By the time Patrick was ready to start really learning to drive, the Uncle still wasn’t ready to let go of the ’95. So Patrick made it his mission to find his own; “Obsessed with finding a range rover to rival my uncles I finally found the red 1990 RRC in a neighboring town and, with some negotiation, was set to purchase it.
“When I purchased the truck, it had a blown head gasket and Dad and I decided to rebuild it ourselves. From that point forward, any time that this RRC broke, we fixed it instead of taking it to a shop. This RRC has too much sentimental value for me to simply give up on it due to rust.
For what it’s worth, the initial intention was to simply replace the rear cross member and lower tailgate. The tear down was jaw-dropping and I simply couldn’t put it back together without all the additional work.”
I caught up with Patrick recently at one of the local Land Rover gatherings and asked him to share some more specific thoughts about how the Range Rover, how he and Jacque will use it, and what makes Range Rovers so appealing.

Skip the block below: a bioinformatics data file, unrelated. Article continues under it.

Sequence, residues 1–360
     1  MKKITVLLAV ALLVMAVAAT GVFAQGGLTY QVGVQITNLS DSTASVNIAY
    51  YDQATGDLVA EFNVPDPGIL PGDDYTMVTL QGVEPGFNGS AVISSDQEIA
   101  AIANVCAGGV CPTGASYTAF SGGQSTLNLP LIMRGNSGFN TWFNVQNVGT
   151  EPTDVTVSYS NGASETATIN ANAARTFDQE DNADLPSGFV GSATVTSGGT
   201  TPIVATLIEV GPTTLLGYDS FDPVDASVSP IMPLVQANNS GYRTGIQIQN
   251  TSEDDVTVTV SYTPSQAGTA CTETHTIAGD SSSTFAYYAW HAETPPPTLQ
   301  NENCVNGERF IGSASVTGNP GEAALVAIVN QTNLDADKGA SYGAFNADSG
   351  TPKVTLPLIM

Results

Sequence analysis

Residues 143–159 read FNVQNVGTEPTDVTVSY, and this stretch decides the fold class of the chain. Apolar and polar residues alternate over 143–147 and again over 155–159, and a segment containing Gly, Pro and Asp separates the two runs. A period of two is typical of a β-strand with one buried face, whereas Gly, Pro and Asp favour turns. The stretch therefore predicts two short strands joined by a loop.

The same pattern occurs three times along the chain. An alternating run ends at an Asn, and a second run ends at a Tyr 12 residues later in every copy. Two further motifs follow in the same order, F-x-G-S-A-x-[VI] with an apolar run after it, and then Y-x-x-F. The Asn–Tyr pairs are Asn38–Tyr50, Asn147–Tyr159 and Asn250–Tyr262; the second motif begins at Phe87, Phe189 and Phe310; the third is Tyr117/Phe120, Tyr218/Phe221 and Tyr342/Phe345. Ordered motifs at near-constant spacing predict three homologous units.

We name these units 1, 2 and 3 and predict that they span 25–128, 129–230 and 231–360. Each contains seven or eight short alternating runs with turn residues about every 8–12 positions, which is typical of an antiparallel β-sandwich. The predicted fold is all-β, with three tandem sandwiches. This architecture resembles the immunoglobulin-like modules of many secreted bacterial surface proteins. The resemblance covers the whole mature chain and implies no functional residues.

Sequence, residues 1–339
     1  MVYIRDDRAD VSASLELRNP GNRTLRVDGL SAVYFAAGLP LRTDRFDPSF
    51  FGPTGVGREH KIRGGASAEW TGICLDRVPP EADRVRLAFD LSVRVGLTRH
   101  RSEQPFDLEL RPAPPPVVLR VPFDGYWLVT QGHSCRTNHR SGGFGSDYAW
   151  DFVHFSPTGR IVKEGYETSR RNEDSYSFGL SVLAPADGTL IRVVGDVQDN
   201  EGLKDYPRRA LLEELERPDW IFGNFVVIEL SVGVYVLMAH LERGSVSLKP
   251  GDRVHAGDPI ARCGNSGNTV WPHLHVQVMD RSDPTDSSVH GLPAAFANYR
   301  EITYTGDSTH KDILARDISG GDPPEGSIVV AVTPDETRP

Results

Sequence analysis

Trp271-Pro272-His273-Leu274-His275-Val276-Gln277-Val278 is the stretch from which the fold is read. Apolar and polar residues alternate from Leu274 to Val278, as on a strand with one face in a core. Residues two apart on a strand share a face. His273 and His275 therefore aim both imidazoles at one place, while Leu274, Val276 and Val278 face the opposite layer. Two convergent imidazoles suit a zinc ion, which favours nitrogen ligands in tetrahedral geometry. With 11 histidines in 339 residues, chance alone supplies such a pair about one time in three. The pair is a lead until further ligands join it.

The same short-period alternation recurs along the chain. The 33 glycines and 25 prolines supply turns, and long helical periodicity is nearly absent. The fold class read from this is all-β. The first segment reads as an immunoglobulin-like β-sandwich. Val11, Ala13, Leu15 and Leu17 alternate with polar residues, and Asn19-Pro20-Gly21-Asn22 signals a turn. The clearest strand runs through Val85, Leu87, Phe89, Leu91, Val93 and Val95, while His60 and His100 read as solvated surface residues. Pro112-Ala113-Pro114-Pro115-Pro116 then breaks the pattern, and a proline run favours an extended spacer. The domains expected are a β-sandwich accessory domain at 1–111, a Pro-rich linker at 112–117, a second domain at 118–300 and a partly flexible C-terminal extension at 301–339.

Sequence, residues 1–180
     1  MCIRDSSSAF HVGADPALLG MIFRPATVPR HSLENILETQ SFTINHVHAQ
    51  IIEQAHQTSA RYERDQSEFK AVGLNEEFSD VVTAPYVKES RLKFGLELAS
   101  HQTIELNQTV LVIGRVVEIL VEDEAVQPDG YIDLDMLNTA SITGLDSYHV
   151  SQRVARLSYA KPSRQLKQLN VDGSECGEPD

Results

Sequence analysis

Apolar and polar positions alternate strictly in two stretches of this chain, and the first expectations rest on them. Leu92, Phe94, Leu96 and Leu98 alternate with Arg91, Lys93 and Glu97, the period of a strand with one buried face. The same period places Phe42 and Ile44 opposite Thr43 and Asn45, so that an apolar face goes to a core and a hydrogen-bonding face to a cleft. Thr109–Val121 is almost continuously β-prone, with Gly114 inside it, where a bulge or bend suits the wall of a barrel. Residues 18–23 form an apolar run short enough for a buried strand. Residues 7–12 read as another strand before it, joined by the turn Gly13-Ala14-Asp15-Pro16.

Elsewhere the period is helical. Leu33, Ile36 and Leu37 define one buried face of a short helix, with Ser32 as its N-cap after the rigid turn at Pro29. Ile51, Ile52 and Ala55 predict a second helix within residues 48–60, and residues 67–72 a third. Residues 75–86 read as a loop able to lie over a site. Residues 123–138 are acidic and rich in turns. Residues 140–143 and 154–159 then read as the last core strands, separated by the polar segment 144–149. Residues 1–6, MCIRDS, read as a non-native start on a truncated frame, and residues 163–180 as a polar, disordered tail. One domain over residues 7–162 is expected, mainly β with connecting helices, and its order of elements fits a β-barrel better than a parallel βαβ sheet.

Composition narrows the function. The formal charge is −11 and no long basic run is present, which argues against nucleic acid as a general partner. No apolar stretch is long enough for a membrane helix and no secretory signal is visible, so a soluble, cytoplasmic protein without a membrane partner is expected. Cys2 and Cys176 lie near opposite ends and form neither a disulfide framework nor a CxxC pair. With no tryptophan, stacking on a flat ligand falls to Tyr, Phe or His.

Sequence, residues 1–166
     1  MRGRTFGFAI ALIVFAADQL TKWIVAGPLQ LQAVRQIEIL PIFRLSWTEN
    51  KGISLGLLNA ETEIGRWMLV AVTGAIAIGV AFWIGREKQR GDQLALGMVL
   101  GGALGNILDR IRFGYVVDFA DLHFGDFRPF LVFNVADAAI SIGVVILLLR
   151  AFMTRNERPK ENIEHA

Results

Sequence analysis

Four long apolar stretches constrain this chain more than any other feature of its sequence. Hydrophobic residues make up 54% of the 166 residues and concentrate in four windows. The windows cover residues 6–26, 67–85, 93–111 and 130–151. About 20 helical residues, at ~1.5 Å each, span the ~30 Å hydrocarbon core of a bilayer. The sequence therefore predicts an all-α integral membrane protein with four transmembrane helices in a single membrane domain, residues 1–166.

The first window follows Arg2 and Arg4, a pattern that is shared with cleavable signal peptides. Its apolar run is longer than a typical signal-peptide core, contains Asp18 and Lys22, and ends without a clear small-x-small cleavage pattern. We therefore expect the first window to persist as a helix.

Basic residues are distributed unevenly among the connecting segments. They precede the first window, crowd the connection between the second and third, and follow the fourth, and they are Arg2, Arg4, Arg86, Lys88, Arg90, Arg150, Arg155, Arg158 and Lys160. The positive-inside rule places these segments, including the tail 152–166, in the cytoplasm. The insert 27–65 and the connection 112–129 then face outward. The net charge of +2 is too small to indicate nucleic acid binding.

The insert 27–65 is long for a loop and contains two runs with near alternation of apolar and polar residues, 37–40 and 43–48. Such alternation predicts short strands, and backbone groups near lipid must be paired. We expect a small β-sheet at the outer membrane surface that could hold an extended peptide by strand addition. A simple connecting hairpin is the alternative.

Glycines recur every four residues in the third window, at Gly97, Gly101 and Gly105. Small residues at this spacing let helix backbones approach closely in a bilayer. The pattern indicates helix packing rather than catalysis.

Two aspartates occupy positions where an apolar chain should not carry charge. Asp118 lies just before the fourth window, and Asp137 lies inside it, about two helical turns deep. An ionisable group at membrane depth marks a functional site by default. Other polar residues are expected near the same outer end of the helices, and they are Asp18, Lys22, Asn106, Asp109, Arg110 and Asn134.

RoverLog: Congrats on completing this project. It really was quite an incredible effort. Now that it’s back on the road, do you have any plans for it?
Patrick: I plan to use it as a street-legal, off road truck. I don’t want it to become a trailer-queen.
I’ve been planning a trip cross-country in it where I’d circle through highlights such as the Grand Canyon and MOAB before entering California. From there I’d continue to head North then head back East starting from Vancouver.
RL: Will you knowingly transport your loved ones in it? Is it a daily driver for you? Have you had any issues keeping it running?
PT: Always! They complain about how noisy it is and the fact that it doesn’t have AC anymore. My Border Collies don’t seem to mind. Since finishing the rebuild it’s been a weekend warrior, no matter the conditions.
Overall, I’ve been lucky. I’ve battled bad alternators, throttle position sensors and other sensitive parts in-between, but that’s about it. The exception is this strange issue where if the truck is left outside for the very first snowfall of the season, it won’t start until you drag it back into the garage for 24 hours. It’s fine for the rest of winter afterward.